Carpeaux (1827-1875), a Sculptor for the Empire

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Carpeaux: carving out an identity


Jean-Baptiste CarpeauxPhiloctetes on the Island of Lemnos© RMN-Grand Palais / Thierry Le Mage
Carpeaux settled in Paris with his family in 1838 and enrolled at the Ecole des Beaux-Arts in 1844, receiving a living allowance between 1845 and 1854 from the town of Valenciennes.
He signed up to study under François Rude, a major name in Romanticism, who sculpted the Marseillaise frieze on the Arc de Triomphe de l’Etoile but was personna non grata at the school.

From the very outset, the young Carpeaux set his sights on the annual competition for the Prix de Rome, a major stepping stone towards a career in Paris. Winners would spend four years at the Académie de France in Rome, the Villa Médicis, completing their training by familiarising themselves with masterpieces of classical antiquity and Italian art and sending works back to Paris on a regular basis.
He was not remotely inspired by subjects drawn from classical mythology and history or Scripture and after several abortive attempts he decided to transfer from Rude’s classes to those of Francisque Duret, a professor at the Ecole des Beaux-Arts, who promised him success within two years.

Carpeaux won the sculpture prize in September 1854 with Hector Pleading With The Gods For His Son Astyanax.

The Italian sojourn 1856-1861


Jean-Baptiste CarpeauxThe Day and The Dusk after Michelangelo© RMN-Grand Palais (Musée d'Orsay) / Thierry Le Mage
Carpeaux arrived in Rome in 1856, almost two years behind schedule, thus placing his relationship with the Director of the Villa Médicis, the painter Victor Schnetz, on an awkward footing from the very outset.
Carpeaux, who was no respecter of rules and prone to occasional quarrelsome behaviour, struggled to fit into a mould which did not suit him at all, but nevertheless forged deep friendships with some of his fellow students at the Académie de France in Rome, including the sculptor Alexandre Falguière. Together, they tirelessly explored the city and its surroundings.

Rome proved to be a revelation for Carpeaux on a number of levels, principally in the shape of Michelangelo, to whom he instantly became utterly devoted, a dedication which never wavered throughout his entire career. The life of the Italian people inspired a number of candid studies and represented another attractive feature of his protracted stay in Italy.
The heady joy of these years spent in Italy also included a relationship with a young peasant girl from the Sabine hills, Barbarella Pasquarelli, known as “La Palombella”. Carpeaux’s second year submission, Fisherman with Shell, was an obvious tribute to the Neapolitan Fisherman presented by Rude in 1831. Carpeaux’s figure drew its inspiration from the picturesque aspects of Italy which captivated many French artists at that time, and raised the young sculptor’s public profile in Rome and Paris.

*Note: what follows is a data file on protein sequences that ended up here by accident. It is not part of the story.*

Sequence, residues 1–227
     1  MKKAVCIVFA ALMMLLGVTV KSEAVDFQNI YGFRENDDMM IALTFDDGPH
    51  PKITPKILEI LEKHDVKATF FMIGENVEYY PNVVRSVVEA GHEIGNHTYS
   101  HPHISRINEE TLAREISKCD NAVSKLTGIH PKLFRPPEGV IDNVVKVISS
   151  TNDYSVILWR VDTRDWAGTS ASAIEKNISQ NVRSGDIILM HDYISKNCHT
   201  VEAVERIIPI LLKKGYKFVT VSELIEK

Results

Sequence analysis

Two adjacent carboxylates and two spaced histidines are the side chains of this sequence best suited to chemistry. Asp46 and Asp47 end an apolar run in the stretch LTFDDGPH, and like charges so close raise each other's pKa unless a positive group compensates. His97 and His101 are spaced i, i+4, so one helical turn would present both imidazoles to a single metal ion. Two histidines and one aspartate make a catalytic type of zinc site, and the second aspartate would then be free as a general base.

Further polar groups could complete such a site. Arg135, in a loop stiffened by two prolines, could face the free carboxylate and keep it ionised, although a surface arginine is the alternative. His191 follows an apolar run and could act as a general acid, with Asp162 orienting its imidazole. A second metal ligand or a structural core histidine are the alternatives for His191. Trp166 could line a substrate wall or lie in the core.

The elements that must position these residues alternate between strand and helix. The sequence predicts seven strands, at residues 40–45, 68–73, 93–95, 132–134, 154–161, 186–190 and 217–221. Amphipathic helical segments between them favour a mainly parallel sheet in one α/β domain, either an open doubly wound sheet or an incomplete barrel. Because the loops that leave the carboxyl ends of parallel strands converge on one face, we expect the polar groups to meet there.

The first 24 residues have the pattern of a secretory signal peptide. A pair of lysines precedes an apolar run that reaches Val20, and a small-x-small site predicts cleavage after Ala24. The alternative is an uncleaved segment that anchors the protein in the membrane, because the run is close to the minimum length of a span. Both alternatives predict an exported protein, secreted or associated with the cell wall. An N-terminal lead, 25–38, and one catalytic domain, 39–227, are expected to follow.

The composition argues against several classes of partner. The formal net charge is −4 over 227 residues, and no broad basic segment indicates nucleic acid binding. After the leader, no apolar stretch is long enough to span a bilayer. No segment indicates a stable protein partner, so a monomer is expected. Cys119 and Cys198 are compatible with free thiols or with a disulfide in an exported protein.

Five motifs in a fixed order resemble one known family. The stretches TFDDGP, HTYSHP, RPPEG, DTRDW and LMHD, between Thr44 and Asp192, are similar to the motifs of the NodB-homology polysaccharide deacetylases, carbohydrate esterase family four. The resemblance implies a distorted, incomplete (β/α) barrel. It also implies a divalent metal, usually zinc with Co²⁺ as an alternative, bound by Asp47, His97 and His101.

Ugolino


Jean-Baptiste CarpeauxUgolin© Musée d'Orsay, dist. RMN-Grand Palais / Patrice Schmidt
Sculptors residing at the Villa Médicis had to model a preliminary version of their final submission in their fourth year and translate it into marble a year later. Carpeaux designed a group drawn from Canto XXXIII of Dante’s Inferno: Ugolino della Gherardesca, a 13th century Pisan tyrant, condemned by his rival Archbishop Ruggiero Ubaldini to be immured alive with his sons and grandsons in a tower, who ate his offspring then died of starvation.
In his group, Carpeaux blended the awesome intensity or terribilità of Dante’s narrative with inspiration drawn from Michelangelo, while also citing the influence of the famous classical figure of Laocoon.

Ugolino experienced a difficult gestation period between 1858 and 1861. Designed initially as a bas-relief, it became a group consisting of three and then five figures, contrary to the rules of the Académie.
Although the Director, Victor Schnetz, was aware of the merits of the preliminary version, he initially voiced strong opposition to it, eliciting stubborn resistance then despair on the part of Carpeaux, who was forced to give up modelling it in December 1858. In the spring of 1859, he persuaded Schnetz to let him finish the sculpture.

As his official stay was drawing to a close, Carpeaux travelled to Paris in 1860 and requested a two-year extension. Back in Rome, he worked feverishly on his group, which was much admired by visitors. However, reactions to the plaster version in Paris in 1862 did not live up to his expectations.
Outraged by the Académie’s remarks, which were published in the press, and offended by a State commission for a marble for an inadequate fee, Carpeaux engaged in tough negotiations and a bronze version was cast and installed in the Tuileries Gardens in 1863.

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